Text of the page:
Rifle weight

M

Muddyboots

Well-Known Member
LRH Team Member
Joined
Feb 7, 2013
Messages
4,676
Location
Michigan
There are SO MANY options to carry rifles easier than ever before that can allow you to carry "heavier" rifles. Slings have come a long way and have better options to lock rifle and distribute weight. If you are just chugging along, use good backpack designed to carry rifles. The key to carry heavier rifles is having better weight distribution in the carry. Frees up arms for trekking poles which I consider even more important than rifle weight. Trekking poles provides 4x4 balance and does help you carry more weight by using your arms to help power up or down or sideways. Earlier post said it best that depends on the person. If you are Sasquatch size, probably means nothing and worried more about how much food you can carry. Me! I just weighed a new build thinking just right. Yep 11.5 lbs.

The point is evaluate other carry options that might help you carry heavier rifle and don't just rule it out because what the scale says it weighs.
 
S

slam2107

Member
Joined
Dec 31, 2021
Messages
11
Location
visalia calif
I’m not like most here I think 9-9.5 pounds is the sweet spot for me from hiking to stand hunting. I’ve also toted my 20 pound MRAD to the deer stand so I guess I’m a glutton for punishment. IMO it also heavily relates to what caliber you are shooting. If you’re shooting a sweet little 7-08, 260 or god forbid a 6.5 shemoor you can get away with a lighter platform where a big boomer would be more pleasant with more weight.
 
BNash715

BNash715

Member
LRH Team Member
Joined
Oct 20, 2021
Messages
10
Location
River Falls, WI
I have the Eberlestock RMEF pack with built in gun scabbard. The gun centered on my back makes for very comfortable hikes and it’s a heavy gun. Added bonus, I never worry about the scope being bumped and elements getting in the action and barrel. Buy the pack, trekking poles and forget about the weight.
 
Raudy707

Raudy707

Well-Known Member
Joined
Apr 16, 2018
Messages
527
Location
Mendo
No matter what it's still pounds carried in and out. Every additional pound carried takes energy, and more energy means more calories. More water. When you're carrying out an elk 3 to 5 miles, multiple trips by yourself, every ounce matters. Maybe I just hunt in places I shouldn't be. 🤣 But that's where the elk live. I go light clothing, light pack, light rifle. Plenty of times I'm still cramping on the last 500 yds to the the truck but that's part of the fun and experience.
 
sp6x6

sp6x6

Well-Known Member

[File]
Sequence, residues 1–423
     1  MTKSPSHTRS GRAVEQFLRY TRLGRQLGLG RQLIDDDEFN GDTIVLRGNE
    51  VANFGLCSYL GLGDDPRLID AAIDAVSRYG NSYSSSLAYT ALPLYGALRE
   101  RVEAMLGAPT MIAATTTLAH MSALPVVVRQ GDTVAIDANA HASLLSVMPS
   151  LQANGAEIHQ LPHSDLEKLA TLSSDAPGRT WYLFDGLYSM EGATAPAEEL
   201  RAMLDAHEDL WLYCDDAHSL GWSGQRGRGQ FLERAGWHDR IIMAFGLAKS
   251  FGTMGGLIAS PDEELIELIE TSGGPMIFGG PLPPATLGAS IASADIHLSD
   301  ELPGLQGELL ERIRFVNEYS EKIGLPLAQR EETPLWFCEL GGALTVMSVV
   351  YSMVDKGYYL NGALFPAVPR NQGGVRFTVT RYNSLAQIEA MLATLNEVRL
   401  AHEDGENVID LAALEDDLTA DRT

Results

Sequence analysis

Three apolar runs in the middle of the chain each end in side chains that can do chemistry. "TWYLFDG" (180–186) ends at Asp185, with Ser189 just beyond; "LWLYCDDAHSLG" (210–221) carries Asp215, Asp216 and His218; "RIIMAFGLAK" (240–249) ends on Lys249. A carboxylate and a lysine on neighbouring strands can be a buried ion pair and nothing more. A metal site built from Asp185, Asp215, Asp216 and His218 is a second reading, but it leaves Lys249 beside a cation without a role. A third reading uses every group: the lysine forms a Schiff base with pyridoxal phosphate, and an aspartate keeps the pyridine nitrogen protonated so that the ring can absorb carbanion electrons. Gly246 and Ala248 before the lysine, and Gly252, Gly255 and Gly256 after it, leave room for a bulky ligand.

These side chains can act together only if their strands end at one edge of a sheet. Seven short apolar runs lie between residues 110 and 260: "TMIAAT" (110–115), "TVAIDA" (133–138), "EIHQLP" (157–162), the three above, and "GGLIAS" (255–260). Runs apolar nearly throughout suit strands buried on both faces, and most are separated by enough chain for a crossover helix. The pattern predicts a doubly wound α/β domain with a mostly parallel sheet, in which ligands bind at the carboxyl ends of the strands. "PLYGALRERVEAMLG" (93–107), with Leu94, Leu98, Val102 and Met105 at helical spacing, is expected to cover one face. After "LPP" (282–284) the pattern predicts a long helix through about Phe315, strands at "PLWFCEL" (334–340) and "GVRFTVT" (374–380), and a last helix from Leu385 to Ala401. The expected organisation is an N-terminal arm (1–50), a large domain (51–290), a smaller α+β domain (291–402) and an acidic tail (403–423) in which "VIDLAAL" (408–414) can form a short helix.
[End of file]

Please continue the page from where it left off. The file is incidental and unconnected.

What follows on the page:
Joined
Dec 8, 2009
Messages
4,910
Location
NW MT
Im pushing 60 so my middle name is light.7 years ago I went to a 7# rifle,main elk.I have a 6# im going to use some for deer this year.Packed my bull out solo,ended up being 10 miles,with trips.Being older I shuttled it less time duration of weight on my back,packed full rears.Was short on water didnt help.I wasnt sure how it was going to go,just kept leap frogging all day.
 
T

Treeslug

Well-Known Member
Joined
Sep 30, 2020
Messages
797
Location
Hill Country, Texas
If I am walking to sit over a water hole or canyon 11lbs max, 300WM (Rifle might be slung at times)
If I am going distance, spot & stalk, 7lbs max, 7mm-08 (Rifle will held in hand)
I miss your humor. Wish you could be reinstated. I never saw where the ruffled feathers started and the humor left off.
 
lancetkenyon

lancetkenyon

Well-Known Member
Joined
Jun 3, 2013
Messages
4,474
Location
Arizona
My "lightweight" elk rifle is right at 9# scoped and suppressed. It is a .280AI too.
I now have a 6.5SS that is just under 9# scoped and suppressed as well.

Everything else is between 9.5-11.5# scoped/suppressed with the exception of a 15.5# .300RUM for the sole purpose of long range elk busting.

I continually think about building a true lightweight 7# scoped rifle, but just can't settle on a build that would meet my wants.
 
OldElkHunter1961

OldElkHunter1961

Well-Known Member
Joined
Dec 15, 2021
Messages
196
Location
Wyoming
My go to is a Weatherby Mk V Backcountry, steel receiver version, in 6.5 RPM at 5.3 lbs, Leupold VX3i 4.5-14X40 at 13.2 Oz in Talley lightweights, Murry 1A sling at 4.4 Oz. A tack driving joy to shoot and carry. The rifle can also be had in .280AI should you be sold on it. I'm sold on the 6.5 RPM. With 65.6 gr of RL25 over a GM210M lighting it a Hornady 143 gr ELD-X leaves the muzzle at 3045, SD 14.8. Recoil, rise and blast are less than my M70 .243 at 8.3 lbs fully appointed.
 
brant89

brant89

Well-Known Member
Joined
Jun 13, 2012
Messages
495
Location
Southern Michigan
I echo with the heavier rifle guys. I feel more confident shooting at distance with my 300WM that weighs 12lb. Someday I’ll probably debarred it with a carbon wrapped barrel to cut a little weight but that’s about $50 per oz of weight savings and I have several other weight reduction options that are much cheaper. Even without the carbon barrel I should be down to 30lb in my day pack and 50lb for a 5 day excursion, so I’m not sweating it too much.
 
L

longbarrelxp

Active Member
Joined
Jan 23, 2022
Messages
38
Location
Henderson, NV
For years, I used a 9.5 lb. rifle that performed well. As I got older, that seemed heavier than it used to be. Melvin built me a NULA in ,338-06 recently.
 

Recent Posts

Top